This section of text is interesting in that it clearly reveals Hamlet's thoughts regarding death, which is essentially a ‘circle of life' theory. This also indicates the popular Elizabethan belief that death was a great leveller and all shall be judged alike in their own time.
When viewing the play, it is interesting to note that every death that takes place is of unnatural origin (except for that perhaps of the jester, Yorik, many years previous). We see deaths of poisoning, murder, injury, execution and suicide. This coincides with the view of righting the natural order. As the Kingdom of Denmark is being ruled by this government that was not truly appointed, chaos ensues and each one of the ‘unnatural' or ‘morally corrupt' players are killed. By this, the ‘diseased nation' will once again return to health.
One of the reasons that Shakespeare remains so popular, even in today's modern world, is that it holds universal themes. Teen angst is as recognised now, if not more so, as it was in Elizabethan times. Two main issues that are dealt with in regard to what teens undergo in everyday life are questioning of death, and love.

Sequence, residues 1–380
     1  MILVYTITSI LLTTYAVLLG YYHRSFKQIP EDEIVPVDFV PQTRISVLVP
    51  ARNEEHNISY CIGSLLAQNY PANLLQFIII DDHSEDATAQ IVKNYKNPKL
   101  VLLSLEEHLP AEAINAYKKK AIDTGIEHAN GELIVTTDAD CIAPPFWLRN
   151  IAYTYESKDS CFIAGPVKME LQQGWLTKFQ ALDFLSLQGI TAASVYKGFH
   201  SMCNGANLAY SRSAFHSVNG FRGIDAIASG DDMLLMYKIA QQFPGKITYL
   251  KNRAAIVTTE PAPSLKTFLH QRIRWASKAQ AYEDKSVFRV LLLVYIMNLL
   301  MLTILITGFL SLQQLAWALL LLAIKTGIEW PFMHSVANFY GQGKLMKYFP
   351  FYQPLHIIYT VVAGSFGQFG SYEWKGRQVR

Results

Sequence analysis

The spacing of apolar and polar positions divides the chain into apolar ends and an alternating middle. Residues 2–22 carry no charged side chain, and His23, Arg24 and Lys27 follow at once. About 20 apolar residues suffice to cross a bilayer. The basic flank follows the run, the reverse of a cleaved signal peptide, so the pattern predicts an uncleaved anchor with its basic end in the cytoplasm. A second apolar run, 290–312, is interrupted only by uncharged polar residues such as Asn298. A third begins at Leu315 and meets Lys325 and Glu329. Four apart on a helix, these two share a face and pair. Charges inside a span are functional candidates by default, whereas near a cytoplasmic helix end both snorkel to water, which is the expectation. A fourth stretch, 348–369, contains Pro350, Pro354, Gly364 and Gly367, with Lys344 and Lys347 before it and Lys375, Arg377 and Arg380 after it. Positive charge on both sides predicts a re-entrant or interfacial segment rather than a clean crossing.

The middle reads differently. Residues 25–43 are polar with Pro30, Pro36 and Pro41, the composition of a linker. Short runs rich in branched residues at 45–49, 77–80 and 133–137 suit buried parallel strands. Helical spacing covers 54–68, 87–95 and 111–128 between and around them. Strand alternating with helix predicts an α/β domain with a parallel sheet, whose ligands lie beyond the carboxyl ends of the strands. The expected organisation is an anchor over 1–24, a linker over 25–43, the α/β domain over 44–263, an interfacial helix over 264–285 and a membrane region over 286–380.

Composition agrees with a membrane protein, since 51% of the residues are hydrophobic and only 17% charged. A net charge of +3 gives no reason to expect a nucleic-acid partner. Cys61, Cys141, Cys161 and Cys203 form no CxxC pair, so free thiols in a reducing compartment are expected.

Questioning of Death
The pondering of death usually comes during the teen years, as teens become less certain of their own mortality and that of the people that they love. Hamlet faces both of these when he loses his father. He realises that life does not last forever, prompting questions of his own death. As do most teens, Hamlet thinks about suicide, contemplating whether it could be justified as legitimate in such a miserable world. He is however, afraid of what lies beyond life, as are many who are in the same situation. A most famous soliloquy voices these thoughts:
Hamlet: "To be or not to be: that is the question:
Whether ‘t is nobler in the mind to suffer
The slings and arrows of outrageous fortune,
Or to take arms against a sea of troubles,
And by opposing end them? To die: to sleep;
…"To sleep: perchance to dream: ay, there's the Rub;
For in that sleep of death what dreams may come
When we have shuffled off this mortal coil,
Must give us pause."(III.i.56-)
Here Hamlet shows his dilemma, and gives audiences a confronting view of what goes through the mind of a teen in anguish.